The Nationals still finished their swing through the NL East at 5-4, a record they would have taken when it started, but that seemed like a missed opportunity after the finish. They will return to Nationals Park with a question: Should their fifth starter be Wang or Detwiler?

Wang is “in the rotation,” Johnson said. “He’s replacing a guy that threw the ball pretty good for me. But I like the upside of Chien-Ming, and we’ll just play it by ear as it goes.”

Recovered from his spring hamstring strain and back in the rotation, Wang allowed four runs in four innings. He fired his sinker in the low 90s and flashed an effective slider, but his command was lacking. His sinker stayed up enough for the Marlins to smack seven hits. Wang struck out four batters, an unusually high number for him, but he also walked three and ended his night by hitting Giancarlo Stanton in the forearm.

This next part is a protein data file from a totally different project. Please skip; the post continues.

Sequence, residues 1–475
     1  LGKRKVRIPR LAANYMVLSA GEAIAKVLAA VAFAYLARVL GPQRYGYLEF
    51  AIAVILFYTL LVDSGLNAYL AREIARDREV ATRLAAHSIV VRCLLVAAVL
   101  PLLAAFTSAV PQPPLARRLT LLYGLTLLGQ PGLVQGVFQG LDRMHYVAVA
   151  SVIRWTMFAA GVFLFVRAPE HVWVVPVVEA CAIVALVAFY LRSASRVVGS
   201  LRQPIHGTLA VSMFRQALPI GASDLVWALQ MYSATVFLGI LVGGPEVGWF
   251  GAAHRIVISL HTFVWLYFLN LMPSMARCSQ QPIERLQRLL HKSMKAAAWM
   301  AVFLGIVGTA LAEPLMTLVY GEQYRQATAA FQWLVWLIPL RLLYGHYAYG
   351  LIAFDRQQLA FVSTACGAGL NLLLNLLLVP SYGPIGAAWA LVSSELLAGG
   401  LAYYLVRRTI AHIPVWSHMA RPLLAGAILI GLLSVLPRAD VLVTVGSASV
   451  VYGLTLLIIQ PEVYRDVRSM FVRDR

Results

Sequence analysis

Johnson felt Wang was “rusty,” having not started in the majors all year. Through an interpreter, Wang explained he felt off with the “tempo” of his delivery. He opened his front shoulder too early, causing the ball to stay up and his sinker to sink less.

“I’m kind of disappointed in myself today for the performance,” Wang said. “I’m trying to get adjustments in the bullpen session for the coming days.”

Detwiler relieved Wang — the inverse of what occurred five days earlier in Atlanta — and tossed two impressive frames, blowing his 95-mph fastball past several Marlins. After four uneven starts, Detwiler pitched with more aggression and, coming out of the bullpen, with fewer thoughts racing through his head.

“The way I look at it is, I’m a little off right now,” Detwiler said. “I just need to go out there and get myself right. I have no control if I’m going to start or be in the bullpen. If I go out there and get myself right, pitching my best, it puts it in other people’s hands.”

The Nationals built a 3-1 edge behind Espinosa and Bernadina. Espinosa responded to Johnson’s insistence he alter his approach at the plate. Bernadina drove in two runs and bailed Wang out of a bases-loaded, one-out jam with a tremendous throw from right field on a would-be sacrifice fly.